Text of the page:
July 2, 2021
Having too much fun, but I'm not real sure how to stop it. I guess you could chalk it up to Long Haul Covid.
Daily Whip Out: "The Lone Sentry"
This is a commission for a well known historian who somehow, some way, came up with enough cash (don't ask). I hope he's happy with it. Went out special delivery today to Albuquerque.
Also I am enjoying getting back into scratchboard mode.
Daily Scratchboard Whip Out:
"Zapata's Wary Look"
I'm experimenting with those bold, checkerboard scrapings, almost a van Gogh swirl to it to emulate neutral spaces. Perhaps I went a bit too far on the facial features. Wanted those wary eyes to pop and they did more so before I added too many highlights to the face. As the late, great, fellow artist, Walter Henn always told me, "Every artist needs another artist to stand behind him with a hammer and when the time is right, start hitting the artist over the head, while yelling, 'It's finished. Stop! For God's Sake, Don't ruin it!'"
My Swedish cowboy compadre, Rasmus Holmberg, is at it again. Here is his colorization of the legendary Marlow brothers, George and Charley.
Check out that concho on George's holster and the corduroy pants on Charley! Crazy cool. What I love about Rasmus's work is he is very subtle, he doesn't overdue the color.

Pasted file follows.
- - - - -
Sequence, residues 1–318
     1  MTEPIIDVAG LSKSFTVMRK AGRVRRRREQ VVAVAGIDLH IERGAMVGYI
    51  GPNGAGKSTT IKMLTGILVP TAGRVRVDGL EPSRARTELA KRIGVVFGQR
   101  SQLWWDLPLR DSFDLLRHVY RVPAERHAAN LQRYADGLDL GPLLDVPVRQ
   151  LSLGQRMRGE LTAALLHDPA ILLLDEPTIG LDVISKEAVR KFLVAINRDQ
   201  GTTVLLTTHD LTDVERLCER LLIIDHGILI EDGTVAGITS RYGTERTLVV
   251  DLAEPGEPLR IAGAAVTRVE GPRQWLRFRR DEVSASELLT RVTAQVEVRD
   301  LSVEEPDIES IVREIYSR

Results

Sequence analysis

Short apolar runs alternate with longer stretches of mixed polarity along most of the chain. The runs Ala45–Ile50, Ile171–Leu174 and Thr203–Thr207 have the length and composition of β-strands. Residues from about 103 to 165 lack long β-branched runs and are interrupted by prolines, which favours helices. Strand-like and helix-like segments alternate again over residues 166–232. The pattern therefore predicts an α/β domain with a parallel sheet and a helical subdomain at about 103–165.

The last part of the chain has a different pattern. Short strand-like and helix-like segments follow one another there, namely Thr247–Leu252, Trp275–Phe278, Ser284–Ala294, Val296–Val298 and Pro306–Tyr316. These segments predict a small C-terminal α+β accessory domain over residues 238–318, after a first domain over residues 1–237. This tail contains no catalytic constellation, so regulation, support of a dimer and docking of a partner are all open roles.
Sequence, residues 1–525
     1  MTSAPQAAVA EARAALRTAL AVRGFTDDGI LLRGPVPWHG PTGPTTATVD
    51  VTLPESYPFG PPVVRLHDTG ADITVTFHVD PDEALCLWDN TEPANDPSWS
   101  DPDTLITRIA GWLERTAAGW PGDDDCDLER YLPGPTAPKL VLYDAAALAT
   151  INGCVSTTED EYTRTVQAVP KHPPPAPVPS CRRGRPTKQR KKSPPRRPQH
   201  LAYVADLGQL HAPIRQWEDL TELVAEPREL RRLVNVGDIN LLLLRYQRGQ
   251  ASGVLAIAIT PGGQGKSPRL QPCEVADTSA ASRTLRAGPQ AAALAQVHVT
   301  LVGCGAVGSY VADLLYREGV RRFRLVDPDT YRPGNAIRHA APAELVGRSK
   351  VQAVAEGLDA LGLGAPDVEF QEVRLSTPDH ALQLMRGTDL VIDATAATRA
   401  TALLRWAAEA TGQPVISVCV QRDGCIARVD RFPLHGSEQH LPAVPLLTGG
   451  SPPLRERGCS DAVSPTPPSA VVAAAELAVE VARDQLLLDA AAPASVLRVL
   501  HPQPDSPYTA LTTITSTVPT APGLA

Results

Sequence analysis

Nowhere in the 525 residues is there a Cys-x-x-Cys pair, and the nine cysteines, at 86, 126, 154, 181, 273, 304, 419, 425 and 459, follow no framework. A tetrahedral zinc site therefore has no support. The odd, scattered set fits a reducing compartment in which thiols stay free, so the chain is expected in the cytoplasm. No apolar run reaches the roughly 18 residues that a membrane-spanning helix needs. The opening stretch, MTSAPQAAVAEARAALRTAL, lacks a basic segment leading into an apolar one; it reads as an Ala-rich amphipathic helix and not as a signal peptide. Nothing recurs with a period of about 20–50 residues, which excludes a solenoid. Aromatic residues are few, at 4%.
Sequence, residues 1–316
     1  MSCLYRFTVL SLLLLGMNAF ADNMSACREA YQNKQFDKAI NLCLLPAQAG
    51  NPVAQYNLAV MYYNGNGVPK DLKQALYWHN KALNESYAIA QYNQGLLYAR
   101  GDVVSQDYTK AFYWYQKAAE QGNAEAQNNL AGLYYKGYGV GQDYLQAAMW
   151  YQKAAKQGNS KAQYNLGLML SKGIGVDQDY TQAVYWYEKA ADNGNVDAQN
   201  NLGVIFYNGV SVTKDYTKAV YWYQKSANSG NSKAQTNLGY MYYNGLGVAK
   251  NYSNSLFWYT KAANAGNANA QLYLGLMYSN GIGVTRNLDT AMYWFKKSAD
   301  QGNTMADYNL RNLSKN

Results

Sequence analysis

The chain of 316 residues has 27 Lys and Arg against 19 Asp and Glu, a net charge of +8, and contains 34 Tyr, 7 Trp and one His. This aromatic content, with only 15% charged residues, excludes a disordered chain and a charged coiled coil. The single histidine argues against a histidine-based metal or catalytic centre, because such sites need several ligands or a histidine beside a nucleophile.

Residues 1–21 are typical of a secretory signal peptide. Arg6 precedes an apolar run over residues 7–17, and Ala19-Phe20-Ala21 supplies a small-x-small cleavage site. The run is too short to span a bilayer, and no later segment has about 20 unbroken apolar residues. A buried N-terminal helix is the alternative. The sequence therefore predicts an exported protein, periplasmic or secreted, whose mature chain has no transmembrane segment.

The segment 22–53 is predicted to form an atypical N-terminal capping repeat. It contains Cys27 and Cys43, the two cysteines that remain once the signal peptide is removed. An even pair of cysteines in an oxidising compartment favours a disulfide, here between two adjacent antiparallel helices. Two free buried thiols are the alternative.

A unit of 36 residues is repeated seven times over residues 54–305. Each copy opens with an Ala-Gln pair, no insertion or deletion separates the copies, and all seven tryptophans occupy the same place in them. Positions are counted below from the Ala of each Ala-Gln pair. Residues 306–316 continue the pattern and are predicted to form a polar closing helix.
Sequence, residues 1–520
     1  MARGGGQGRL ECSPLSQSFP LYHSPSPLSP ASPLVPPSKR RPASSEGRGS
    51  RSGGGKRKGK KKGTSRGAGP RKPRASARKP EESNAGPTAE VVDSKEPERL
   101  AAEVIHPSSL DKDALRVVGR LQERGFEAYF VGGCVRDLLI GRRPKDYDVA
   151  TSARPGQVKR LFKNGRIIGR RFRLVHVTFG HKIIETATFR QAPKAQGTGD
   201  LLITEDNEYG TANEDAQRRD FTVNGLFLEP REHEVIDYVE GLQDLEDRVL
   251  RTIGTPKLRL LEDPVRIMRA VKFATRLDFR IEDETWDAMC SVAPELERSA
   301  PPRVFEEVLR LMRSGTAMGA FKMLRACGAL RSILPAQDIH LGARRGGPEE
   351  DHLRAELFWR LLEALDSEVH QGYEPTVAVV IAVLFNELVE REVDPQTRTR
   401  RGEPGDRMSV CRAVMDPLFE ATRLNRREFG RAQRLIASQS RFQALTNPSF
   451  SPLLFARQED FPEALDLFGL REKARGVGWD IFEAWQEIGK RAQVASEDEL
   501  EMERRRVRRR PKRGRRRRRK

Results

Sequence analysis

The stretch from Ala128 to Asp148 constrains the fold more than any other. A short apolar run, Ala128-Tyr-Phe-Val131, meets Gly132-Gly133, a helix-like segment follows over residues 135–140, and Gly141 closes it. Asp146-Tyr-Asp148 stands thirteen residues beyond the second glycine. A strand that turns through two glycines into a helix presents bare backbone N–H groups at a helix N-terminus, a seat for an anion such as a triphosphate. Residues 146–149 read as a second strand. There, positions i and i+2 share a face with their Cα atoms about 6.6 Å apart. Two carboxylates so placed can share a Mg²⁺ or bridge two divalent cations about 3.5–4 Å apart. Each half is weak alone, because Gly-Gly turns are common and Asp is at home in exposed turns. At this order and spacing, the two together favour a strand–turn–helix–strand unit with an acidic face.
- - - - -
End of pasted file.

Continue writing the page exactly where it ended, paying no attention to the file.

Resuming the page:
Sometimes you can discover something cool by trying to do the opposite. Lifting is a valuable tool in watercolor painting and here is an example that went off the rails, but I kind of ended up with a cool effect:
Daily Whip Out: "Full Moon Rider"
This was supposed to be the background for my initial run at "The Lone Sentry" (see, at top) but it was too centered and when I got the sky laid in I wondered if there was a different scene to work on and I ended up here.
"[We have lost the ability] to tell stories in which opposing characters can each possess pieces of the truth, stories in which all the characters are embedded in time, at one point in their process of growth, stories rooted in the complexity of real life and not the dogma of ideological abstraction."